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I’m not an expert of l’Armee de L’Air, but colour scheme looks right (the grey areas should be darker, perhaps): from the white arrows, I’d say the model represents a post-armistice bomber. The 20mm dorsal gun has two strange side barrels (added lmg?). Negative panel lines on fuselage, positive (not too heavy) lines on wings. Remember to add a few fuselage windows details, and retouch a few frames (nose, cockpit). Once cured the ‘depressed wing syndrome’ (see my second post in this thread), you get a fine model: if you go weathering, note how a lot of those planes had a very poor paintjob: lots of scraping with bare metal showing, almost Japanese-style (see below at the Betty post).
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Junkers Ju 290

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Boy, this guy is big. It’s as large as the B-29, but its fuselage is wider and huger. It’s one of the times you’re happy to have started a 1/144 collection: I wouldn’t know where to put this baby if it were 1/72. It’s an aircraft I don’t know very much -and have seen even less pictures and drawings- of; it didn’t have a significant operational history and wasn’t produced in large numbers. I also believe we have the only 1/144 Ju-290 here.
From all sources found, the model looks correct; fuselage windows have been reproduced by decals and once the usual filling and retouching has been done there isn’t very much to do except sitting and watching this strange bird just hatched from the blister. Unless...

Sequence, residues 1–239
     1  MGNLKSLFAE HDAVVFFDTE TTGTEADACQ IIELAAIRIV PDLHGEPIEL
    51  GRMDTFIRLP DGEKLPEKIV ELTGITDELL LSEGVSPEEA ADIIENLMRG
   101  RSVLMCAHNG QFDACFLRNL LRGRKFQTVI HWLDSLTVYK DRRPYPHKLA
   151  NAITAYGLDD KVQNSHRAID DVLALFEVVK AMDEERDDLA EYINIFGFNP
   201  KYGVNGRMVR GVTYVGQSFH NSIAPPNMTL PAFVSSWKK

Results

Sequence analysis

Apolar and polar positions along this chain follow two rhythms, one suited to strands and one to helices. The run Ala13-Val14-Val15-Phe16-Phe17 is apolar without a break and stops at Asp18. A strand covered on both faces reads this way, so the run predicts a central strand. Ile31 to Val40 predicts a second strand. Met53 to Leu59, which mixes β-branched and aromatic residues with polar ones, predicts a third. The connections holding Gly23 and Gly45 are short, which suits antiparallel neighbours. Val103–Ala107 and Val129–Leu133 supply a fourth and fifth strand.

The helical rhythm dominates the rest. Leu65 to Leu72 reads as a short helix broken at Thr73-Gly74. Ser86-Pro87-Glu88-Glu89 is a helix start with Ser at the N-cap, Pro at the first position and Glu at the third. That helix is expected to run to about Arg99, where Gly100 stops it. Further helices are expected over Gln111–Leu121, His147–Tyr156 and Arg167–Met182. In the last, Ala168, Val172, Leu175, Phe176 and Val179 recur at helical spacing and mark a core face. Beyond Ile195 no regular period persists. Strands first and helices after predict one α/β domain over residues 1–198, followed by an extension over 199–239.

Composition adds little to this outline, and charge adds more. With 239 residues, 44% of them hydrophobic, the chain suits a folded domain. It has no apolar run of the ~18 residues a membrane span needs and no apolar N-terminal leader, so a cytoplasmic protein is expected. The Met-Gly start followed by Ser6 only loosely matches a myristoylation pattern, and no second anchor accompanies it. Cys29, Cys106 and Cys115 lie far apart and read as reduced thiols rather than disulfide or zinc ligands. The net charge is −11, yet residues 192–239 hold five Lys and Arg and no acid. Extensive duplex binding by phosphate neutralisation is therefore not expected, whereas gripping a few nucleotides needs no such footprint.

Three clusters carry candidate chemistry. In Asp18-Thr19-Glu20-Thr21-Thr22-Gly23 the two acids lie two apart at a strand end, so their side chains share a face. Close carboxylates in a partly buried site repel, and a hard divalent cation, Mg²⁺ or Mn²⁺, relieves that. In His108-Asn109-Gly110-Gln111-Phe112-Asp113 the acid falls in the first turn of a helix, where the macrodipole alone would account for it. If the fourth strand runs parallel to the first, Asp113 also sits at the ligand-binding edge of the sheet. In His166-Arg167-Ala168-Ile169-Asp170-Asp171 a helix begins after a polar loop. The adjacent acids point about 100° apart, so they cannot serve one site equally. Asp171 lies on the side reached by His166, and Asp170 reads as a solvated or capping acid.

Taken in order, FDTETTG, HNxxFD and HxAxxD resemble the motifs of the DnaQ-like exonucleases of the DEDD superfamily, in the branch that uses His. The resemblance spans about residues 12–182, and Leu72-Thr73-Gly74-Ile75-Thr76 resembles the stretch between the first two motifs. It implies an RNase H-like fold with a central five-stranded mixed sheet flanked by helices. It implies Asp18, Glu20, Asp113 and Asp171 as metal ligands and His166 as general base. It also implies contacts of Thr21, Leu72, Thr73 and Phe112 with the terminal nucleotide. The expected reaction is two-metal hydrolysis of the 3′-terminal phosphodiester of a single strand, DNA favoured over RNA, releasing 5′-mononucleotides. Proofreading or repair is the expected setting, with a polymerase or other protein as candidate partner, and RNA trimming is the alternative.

...of course there is the radar array: they were a outstanding feature of this plane’s nose (see here http://www.atlantikpirat.proforums.org/ ... .php?t=214); someone should produce a photoetched set (not forgetting the small underwing radar aerials). I might try something with sprue but I’m aftraid it would be a nightmare not worth the result. My model hasn’t received any intervention yet and is still in pristine IXO/Altaya condition.
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Mitsubishi G4M1 'Betty'

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A fine model, with (acceptably) riveted panel lines: all defensive positions are closed, only tail 20mm gun is in its place. Minor camouflage gaps (engine nacelles, cockpit frames, lower left fuselage, under cockpit) need retouching with IJN Green or Brown. There is no detail for the aiming glass panel under the fuselage, just behind the nose: use glossy black paint to simulate it. Have fun weathering and especially scraping; many Bettys and Nells seemed to have gone through a half-hearted paint- removing job by their ground crews.
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Boeing B-29A Superfortress

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Gentlemen, here we have the notorious Enola Gay: this means this is not a standard B-29, and all gun turrets are faired over. If you aren’t going to display this model on its stand, it will correctly stay on its nose wheel. It’s another natural metal model: if you want to fill gaps and seams, you’ll need airbrush work to blend your reworked parts with the rest of your model: and even if you don’t care about filling, there is the d#@]§d decal blunder: there is one Star-and-Bars where there should be none (right wing upper surface); this is somehow balanced by the absence of a national insigna under left wing. Getting a proper decal for the missing position isn’t too difficult, but removing the unwanted one is another story. I tried with an escalation of water (cold at first, then lukewarm, ending with boiling hot), soap, alcohol, solvents, sellotape, and finally very fine grained sandpaper. In the end the decal was gone and yes, of course, the paint got scraped. When airbrushing (you’d need a full replacement decal set if going to repaint the whole model) try to mask areas following panel lines. Again there are a few transparent panels to paint glossy black (tail gunner windows). You may want to add a few aerial detail (use photo and drawings for reference).
Final result is a big, shiny model, with recessed panel lines.
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Junkers Ju-88a4 Scnellbomber